Thunder look to shake slump

In an inaugural season of firsts, the Borderland Thunder have unwillingly welcomed their first slump.
As they get ready to host the Iron Range Yellow Jackets this Friday and Saturday night at the Memorial Sports Centre, the Thunder are mired in a five-game winless streak—and have won only two games in their last 10.
Their latest trip to Thunder Bay last weekend ended with 8-7 and 5-4 losses to the KC Bulldogs, dropping them to third place (7-6-4) in the Superior International Junior Hockey League standings.
The Thunder had started the season with just one loss in their first seven games. But centre Matt Johnson said no one is hitting the panic button as they prepare for the Yellow Jackets.
“Basically, I think we have to step back and think about what we’ve accomplished beforehand. I try to get back to what we were doing,” said Johnson. “Hopefully, we’ll start doing it.”
Thunder head coach Wayne Strachan said turning things around all begins with improving team defence.
“I definitely think our defensive zone, as a team, needs a lot of work. They do it well in practice but seem a little loss during the games,” he admitted.
The Thunder also have had their share of players getting bit by the injury bug. Kyle Prystupa and Tyler Barker, both of whom have been out for the past three weeks, are still two to three weeks from a return while forward Ryan Hilfer also has missed games due to a rib injury.
But the team’s newest additions have showed positive signs. Adam McTavish and Kris Esselink are two more names from the OFSAA ‘A/AA’ gold medal-winning Muskie squad the coaching staff has brought up to make up for injuries.
Each scored their first goals in Thunder Bay.
The Thunder also have brought aboard International Falls product Chad Baldwin. The right-winger played in the America West League in Fairbanks, Alaska last season.
Strachan admitted the team is still tinkering with its roster before Dec. 10—when each SIJHL squad should have only 25 skaters carded under its name.
But a player with the size of Esselink, who Thunder management had coveted before he chose to play with the Muskie football program in September, will help shore up their blueline.
“Obviously, he has size and he’s a very smart defenceman,” noted Strachan. “He knows where to be and when to be there. When he gets in playing shape, he can be a scoring threat for us.”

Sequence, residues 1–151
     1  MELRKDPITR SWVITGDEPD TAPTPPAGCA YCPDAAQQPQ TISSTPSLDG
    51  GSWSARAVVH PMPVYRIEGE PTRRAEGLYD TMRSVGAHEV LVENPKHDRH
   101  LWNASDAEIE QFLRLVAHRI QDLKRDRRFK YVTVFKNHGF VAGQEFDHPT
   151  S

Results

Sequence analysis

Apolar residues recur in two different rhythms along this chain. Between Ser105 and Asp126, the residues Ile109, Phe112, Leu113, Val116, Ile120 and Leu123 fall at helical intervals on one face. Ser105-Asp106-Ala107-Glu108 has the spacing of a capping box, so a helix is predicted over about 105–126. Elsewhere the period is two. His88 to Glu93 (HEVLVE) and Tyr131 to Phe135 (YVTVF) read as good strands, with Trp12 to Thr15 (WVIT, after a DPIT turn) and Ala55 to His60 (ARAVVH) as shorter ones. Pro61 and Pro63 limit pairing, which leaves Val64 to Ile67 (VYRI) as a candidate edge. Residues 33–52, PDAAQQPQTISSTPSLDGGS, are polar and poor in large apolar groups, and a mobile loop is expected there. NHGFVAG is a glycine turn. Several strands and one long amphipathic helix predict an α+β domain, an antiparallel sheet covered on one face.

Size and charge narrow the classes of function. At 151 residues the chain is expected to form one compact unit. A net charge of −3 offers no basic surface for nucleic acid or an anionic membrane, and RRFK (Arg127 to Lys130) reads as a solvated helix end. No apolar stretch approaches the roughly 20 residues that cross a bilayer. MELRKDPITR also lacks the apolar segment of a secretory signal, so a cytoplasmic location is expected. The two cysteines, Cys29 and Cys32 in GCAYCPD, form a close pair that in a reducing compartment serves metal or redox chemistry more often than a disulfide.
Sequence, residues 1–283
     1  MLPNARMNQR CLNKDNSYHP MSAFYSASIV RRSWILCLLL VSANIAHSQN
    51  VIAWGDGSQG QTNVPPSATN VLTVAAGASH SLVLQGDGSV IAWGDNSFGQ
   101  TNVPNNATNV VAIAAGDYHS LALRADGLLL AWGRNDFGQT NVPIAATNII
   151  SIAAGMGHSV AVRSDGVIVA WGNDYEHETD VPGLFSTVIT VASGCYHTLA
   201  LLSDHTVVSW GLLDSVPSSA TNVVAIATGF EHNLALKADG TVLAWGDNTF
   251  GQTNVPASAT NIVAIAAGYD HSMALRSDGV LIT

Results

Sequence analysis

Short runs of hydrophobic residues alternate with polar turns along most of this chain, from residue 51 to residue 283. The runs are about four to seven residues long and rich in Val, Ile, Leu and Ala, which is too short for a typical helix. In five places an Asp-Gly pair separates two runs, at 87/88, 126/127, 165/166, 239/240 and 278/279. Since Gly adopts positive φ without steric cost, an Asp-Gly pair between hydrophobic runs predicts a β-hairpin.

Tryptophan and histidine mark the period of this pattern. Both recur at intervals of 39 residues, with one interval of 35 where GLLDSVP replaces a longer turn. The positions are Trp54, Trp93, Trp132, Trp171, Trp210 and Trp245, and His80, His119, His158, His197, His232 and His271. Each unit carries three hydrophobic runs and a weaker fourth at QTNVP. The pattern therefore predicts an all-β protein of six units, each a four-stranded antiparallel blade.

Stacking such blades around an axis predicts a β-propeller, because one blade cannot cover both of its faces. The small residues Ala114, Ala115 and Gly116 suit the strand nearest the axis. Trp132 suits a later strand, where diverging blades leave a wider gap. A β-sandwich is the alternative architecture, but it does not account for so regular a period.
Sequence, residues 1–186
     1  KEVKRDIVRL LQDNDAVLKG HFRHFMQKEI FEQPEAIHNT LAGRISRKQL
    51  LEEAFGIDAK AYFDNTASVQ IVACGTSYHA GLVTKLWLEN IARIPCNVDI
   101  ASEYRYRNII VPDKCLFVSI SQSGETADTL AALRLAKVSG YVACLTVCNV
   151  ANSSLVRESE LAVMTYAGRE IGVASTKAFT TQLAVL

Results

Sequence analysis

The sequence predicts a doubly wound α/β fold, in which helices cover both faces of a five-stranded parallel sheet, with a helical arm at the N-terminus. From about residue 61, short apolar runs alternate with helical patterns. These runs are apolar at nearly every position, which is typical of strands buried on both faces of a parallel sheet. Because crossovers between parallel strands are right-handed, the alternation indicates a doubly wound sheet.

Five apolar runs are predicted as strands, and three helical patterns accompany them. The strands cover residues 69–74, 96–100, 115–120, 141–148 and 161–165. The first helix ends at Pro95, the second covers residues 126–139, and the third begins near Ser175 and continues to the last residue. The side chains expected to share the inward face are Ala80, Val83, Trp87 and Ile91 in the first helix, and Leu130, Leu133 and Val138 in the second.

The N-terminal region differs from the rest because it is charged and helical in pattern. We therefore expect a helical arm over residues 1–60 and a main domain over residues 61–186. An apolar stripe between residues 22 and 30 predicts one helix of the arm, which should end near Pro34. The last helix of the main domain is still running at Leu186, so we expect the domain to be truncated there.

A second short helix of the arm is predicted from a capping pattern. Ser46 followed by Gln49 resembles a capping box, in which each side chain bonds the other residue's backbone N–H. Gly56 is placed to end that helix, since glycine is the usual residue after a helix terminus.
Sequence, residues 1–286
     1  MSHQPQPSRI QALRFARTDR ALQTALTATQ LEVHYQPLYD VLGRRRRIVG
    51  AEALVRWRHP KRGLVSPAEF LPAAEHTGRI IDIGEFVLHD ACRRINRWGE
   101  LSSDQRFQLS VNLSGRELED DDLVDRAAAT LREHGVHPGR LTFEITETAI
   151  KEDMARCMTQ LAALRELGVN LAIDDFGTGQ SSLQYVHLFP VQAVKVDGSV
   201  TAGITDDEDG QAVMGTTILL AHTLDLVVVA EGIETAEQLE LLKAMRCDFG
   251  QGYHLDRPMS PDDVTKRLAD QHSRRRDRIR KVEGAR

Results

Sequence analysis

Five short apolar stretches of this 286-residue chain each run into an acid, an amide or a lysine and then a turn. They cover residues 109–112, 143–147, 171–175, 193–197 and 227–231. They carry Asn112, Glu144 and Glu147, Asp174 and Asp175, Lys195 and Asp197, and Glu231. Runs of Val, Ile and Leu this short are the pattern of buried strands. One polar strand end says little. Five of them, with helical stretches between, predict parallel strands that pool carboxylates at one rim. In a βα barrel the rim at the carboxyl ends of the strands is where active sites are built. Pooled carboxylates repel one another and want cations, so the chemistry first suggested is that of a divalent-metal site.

Offensively, the Thunder are comparable with any SIJHL team. Centre Kevin Webb is tied with the Hawks’ Brent Greene in the league’s points race with 25 (17 goals, eight assists) while Johnson isn’t far behind with 20 points (seven goals, 13 assists).
Johnson’s linemate, Justin Bodnarchuk, has cracked the league’s top 10 with 18 points (six goals, 12 assists).
“It’s really great playing with Justin. With Kyle’s injury, we’ve had different linemates,” said Johnson. “[McTavish] worked with us this past weekend and he’s doing really well.”
Another concern is goaltending. While Jason Flatt, Tom Iwaniec, and Chris Cain have given the Thunder solid minutes so far this season, Strachan said they still haven’t chosen that number-one goalie to start most of the games.
“We need to have one of our goalies perform on a consistent basis,” he said.
Their weekend games against the Yellow Jackets will be no walk in the park. Despite looking ordinary in SIJHL play (3-4-1)—and having the dubious distinction of being the first victim of the lowly Thunder Bay Wolves (a 4-3 loss Friday, which was swiftly avenged with a 16-4 stomping the next night), the defending Minnesota Junior Hockey League champions are among the top teams in that league with an 11-1-1 mark.
“In our league, [the Jackets] have had an up-and-down season so far,” said Strachan, whose team last played them in September’s pre-season tournament in Thunder Bay—doubling them 6-3 in the final.
“They’re not a typical U.S. team. They’re a big, older team. They play more of a Canadian style,” he noted.
Meanwhile, Johnson said he and his teammates have no problems putting extra pressure on themselves to shake out of their slump this weekend.
“It’s definitely pressure for a two-win weekend for sure. I think all the guys know that,” he stressed.
The puck drops at 7:30 p.m. for both games at the “Ice for Kids” Arena. Tickets cost $7 for adults and $5 for seniors/students.